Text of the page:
The Japanese Occupation of Manchuria and the Effects of the Incident.

Essay by KeirHigh School, 10th grade January 2006

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A particular chain of events resulted in catastrophe. China was in a weakened state as it had no centralized government and the country was divided into parts; each ruled by a different warlord. Both Japanese and Russian forces were taking advantage of China's weakness to seize land. In 1904 Russian occupational forces were attacked by the Japanese army in Manchuria. A major battle ensued for the next 18 months. In the end the Japanese and Russians signed Manchuria over to China through the treaty of Portsmouth in 1905. However, both invading nations were allocated a railway line they could retain in Manchuria. The Russians kept the Chinese East railway and the Japanese kept the South Manchuria railway. In 1916-17 the Japanese flourished in Manchuria aided by the withdrawal of the Russians (due to the revolution) and the continually weakened Chinese government. On September 18th 1931, Officers of the Japanese army blew up a section of the South Manchuria railway, although their actions were unauthorized by the government.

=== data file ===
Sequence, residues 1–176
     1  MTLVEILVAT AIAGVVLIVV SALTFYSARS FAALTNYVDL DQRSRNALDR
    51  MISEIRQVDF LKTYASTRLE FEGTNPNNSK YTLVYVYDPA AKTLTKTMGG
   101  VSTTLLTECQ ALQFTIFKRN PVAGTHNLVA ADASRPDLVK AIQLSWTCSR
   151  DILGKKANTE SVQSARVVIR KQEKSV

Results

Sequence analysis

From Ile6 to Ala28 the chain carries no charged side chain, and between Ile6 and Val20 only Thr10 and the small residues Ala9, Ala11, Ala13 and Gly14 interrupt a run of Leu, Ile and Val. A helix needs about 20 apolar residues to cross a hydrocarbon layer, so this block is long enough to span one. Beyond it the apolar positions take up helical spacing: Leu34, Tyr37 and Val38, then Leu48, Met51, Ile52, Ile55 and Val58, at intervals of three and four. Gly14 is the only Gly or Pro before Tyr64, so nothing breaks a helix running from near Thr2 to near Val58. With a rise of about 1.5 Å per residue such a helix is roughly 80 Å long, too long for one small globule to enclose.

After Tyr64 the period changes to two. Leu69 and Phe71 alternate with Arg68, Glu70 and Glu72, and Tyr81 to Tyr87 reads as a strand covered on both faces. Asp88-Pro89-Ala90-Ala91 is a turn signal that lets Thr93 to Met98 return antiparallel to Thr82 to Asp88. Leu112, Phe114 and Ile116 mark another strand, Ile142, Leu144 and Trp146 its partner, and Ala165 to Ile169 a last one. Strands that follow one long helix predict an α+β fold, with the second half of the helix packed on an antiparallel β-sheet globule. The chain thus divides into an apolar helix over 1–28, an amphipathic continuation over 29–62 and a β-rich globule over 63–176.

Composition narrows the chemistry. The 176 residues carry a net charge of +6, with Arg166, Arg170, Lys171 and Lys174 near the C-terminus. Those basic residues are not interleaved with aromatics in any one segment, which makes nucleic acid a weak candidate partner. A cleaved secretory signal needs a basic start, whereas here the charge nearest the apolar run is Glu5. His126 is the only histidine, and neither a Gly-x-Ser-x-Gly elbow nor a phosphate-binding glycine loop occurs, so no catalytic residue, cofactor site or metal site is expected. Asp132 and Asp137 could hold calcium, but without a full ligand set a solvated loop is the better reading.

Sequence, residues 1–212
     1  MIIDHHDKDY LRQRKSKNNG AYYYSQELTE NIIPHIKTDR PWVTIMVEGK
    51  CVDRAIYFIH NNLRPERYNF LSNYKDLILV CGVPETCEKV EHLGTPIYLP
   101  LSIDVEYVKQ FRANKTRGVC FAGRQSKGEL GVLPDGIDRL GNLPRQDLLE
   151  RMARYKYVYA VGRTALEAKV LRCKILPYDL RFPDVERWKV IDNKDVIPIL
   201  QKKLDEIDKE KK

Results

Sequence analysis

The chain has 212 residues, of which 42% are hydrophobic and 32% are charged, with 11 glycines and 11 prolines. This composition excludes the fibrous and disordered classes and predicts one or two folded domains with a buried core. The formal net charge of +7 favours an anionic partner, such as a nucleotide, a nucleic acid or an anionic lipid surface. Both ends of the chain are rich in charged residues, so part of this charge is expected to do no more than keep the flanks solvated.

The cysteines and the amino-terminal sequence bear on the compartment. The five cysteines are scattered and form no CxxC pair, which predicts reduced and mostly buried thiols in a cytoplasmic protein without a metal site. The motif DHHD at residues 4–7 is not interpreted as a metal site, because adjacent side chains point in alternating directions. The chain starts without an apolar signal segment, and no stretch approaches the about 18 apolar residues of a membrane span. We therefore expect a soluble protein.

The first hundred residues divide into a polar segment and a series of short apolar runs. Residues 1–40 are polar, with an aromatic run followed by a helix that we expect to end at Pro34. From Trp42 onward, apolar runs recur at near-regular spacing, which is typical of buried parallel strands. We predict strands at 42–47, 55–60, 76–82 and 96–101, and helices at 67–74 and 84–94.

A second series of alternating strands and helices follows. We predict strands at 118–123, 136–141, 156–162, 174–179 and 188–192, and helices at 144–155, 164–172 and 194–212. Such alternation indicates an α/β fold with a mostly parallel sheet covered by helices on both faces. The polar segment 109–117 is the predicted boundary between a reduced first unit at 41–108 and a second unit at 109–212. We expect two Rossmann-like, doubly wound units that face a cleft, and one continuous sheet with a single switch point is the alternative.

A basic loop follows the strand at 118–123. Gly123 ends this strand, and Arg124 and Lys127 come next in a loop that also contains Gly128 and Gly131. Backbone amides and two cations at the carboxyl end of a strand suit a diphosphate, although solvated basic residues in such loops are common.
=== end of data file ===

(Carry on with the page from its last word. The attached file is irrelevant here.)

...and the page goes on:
Japanese politicians decided it was a critical move that was decisive in securing Japans future in China and blamed the destruction on Chinese saboteurs. Following this incident an act of "fair retribution" was played out by the Japanese; several key Southern Manchurian cities were occupied by their forces. Manchuria was theirs within 5 months. Soon a puppet state was constructed and it was decided that it would remain as an independent state of Japan. The name was changed to "Manchukuo", and Henry Pu Yi (the former emperor of China) was appointed as the ruler of the state (1932). But Henry was weak and inevitably the real power lay in the hands of Japanese officials. Many members of The League of Nations were appalled by this blatant violation of the Kellogg-Briand pact (to which...